The stairway took quite awhile to remove the seven layers of paint from the railing, spindles, and newel post.....and when I say "layers" I'm talking just about seven distinct colors of paint and stain and am not including how many repaints may have been done in a single color.  I found that Multi-Strip paint remover worked the best, although even it had a hard time going through more than one layer at a time with some of the oil based finishes.


Everything for the most part is smooth and really quite lovely though, so it was all worth it in my opinion.


Luckily, the stair treads didn't have as many layers of paint since they had been covered in carpeting.  They were stained in the same Fusion stain along with the railing, while the newel post, spindles and trim were painting in Valspar Snowcap White in semi-gloss.



SIDE NOTE:

If you are painting or staining stairs that you need to use while in the process of refinishing them, do every other tread then go back and do the remaining treads when the others are dry.  That way, you can take two steps at a time to still go up up and down.  In this case, I just worked from the top tread to the bottom since I didn't need to go upstairs until after they were done.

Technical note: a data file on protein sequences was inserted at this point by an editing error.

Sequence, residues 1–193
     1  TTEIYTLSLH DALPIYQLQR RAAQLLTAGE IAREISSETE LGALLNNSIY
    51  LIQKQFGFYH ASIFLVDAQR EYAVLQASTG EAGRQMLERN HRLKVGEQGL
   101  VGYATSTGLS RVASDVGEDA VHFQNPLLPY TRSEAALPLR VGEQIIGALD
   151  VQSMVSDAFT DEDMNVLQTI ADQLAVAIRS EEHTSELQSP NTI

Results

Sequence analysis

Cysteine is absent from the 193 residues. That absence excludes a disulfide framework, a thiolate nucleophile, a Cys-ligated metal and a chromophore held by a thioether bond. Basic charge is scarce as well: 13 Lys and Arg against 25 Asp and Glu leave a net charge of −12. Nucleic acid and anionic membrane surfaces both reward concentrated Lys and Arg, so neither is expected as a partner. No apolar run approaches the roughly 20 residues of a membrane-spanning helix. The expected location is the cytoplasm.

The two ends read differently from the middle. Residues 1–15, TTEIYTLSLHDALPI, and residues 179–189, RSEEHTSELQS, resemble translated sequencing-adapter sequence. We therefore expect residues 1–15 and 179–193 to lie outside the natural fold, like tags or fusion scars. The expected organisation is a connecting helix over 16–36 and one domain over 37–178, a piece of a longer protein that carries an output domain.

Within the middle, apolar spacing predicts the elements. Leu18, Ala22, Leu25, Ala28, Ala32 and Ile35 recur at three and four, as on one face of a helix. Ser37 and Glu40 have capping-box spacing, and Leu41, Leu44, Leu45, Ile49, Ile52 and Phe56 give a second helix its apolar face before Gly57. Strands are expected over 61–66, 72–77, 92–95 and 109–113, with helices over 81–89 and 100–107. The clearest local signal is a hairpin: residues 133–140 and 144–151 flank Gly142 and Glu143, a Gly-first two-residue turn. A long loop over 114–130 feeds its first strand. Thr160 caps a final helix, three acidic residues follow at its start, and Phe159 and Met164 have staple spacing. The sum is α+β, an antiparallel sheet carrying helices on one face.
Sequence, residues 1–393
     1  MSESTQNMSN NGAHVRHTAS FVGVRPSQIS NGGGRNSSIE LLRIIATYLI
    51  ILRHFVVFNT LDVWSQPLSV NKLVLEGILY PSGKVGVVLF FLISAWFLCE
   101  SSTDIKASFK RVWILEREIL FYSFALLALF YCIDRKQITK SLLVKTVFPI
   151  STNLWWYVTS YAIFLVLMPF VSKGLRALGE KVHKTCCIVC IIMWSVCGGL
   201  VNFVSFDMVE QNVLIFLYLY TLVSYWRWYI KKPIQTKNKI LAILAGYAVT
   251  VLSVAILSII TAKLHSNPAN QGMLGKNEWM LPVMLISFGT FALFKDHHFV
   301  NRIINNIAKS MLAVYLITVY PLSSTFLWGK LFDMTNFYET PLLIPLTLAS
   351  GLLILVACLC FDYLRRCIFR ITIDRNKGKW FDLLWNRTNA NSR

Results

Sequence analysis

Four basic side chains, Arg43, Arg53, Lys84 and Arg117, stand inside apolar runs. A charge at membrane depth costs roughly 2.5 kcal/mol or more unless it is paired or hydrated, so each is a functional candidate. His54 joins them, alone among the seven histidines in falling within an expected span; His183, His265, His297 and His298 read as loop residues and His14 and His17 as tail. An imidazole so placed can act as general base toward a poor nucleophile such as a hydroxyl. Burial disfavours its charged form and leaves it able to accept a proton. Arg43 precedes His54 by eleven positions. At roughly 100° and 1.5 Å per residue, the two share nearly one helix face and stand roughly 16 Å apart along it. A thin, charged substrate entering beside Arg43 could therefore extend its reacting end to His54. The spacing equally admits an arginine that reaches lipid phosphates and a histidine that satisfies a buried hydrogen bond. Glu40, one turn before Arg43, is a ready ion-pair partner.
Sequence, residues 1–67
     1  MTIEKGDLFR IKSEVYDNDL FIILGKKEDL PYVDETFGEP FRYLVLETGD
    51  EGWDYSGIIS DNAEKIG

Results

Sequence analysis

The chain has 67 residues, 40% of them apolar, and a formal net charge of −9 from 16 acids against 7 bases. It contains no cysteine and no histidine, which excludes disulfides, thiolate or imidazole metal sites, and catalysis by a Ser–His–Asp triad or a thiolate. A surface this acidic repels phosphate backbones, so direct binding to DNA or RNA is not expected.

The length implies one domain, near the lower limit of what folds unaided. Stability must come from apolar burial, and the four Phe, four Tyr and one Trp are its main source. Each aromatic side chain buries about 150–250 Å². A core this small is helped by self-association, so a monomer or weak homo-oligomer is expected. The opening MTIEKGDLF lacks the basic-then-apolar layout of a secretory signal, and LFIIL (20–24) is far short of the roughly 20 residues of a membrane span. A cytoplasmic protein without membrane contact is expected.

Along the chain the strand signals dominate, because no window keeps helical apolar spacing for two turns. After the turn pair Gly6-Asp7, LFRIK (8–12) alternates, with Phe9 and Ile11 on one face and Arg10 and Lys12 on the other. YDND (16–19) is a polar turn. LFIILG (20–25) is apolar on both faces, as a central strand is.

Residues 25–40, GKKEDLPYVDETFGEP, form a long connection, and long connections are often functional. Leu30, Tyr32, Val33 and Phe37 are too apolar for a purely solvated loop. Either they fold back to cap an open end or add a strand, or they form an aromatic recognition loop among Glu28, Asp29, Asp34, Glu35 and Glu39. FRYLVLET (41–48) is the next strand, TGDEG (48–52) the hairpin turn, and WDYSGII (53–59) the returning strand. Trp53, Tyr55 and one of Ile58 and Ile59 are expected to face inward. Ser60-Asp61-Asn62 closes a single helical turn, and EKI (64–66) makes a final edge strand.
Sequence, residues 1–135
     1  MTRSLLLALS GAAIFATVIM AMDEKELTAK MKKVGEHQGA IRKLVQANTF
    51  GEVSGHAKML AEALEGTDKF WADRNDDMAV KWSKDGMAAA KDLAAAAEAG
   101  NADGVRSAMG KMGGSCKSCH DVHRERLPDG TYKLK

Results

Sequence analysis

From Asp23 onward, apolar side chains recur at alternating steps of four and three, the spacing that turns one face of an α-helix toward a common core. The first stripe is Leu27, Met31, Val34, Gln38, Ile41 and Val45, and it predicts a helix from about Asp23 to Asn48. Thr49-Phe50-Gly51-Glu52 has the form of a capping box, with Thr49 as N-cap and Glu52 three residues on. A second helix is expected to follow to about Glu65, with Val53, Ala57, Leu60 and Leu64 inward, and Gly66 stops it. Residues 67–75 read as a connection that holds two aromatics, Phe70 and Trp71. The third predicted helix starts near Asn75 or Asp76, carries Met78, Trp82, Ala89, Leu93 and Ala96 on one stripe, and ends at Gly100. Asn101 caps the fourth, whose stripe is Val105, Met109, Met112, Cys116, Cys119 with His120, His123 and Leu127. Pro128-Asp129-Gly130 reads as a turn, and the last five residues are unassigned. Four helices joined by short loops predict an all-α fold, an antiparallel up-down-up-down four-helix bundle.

I had mentioned in an older post, the previous homeowners before my grandparents had installed a cardboard ceiling in this stairway likely to save on heating costs.  It was a surprise to find it under the ceiling tiles.  While it was quite the job working up the stairs to remove the layers of wallpaper on the walls and ceiling, I couldn't be happier with how open it is now.